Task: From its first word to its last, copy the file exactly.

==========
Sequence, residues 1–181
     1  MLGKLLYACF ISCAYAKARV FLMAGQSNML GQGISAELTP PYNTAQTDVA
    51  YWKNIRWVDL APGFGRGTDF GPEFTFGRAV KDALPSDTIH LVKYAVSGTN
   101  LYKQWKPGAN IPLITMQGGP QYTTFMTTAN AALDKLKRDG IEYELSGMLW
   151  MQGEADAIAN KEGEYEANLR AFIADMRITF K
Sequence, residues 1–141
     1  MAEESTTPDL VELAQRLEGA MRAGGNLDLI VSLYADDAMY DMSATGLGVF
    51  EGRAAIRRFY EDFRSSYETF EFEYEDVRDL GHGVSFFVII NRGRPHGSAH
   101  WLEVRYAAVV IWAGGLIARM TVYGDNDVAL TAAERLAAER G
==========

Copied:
Sequence, residues 1–181
     1  MLGKLLYACF ISCAYAKARV FLMAGQSNML GQGISAELTP PYNTAQTDVA
    51  YWKNIRWVDL APGFGRGTDF GPEFTFGRAV KDALPSDTIH LVKYAVSGTN
   101  LYKQWKPGAN IPLITMQGGP QYTTFMTTAN AALDKLKRDG IEYELSGMLW
   151  MQGEADAIAN KEGEYEANLR AFIADMRITF K
Sequence, residues 1–141
     1  MAEESTTPDL VELAQRLEGA MRAGGNLDLI VSLYADDAMY DMSATGLGVF
    51  EGRAAIRRFY EDFRSSYETF EFEYEDVRDL GHGVSFFVII NRGRPHGSAH
   101  WLEVRYAAVV IWAGGLIARM TVYGDNDVAL TAAERLAAER G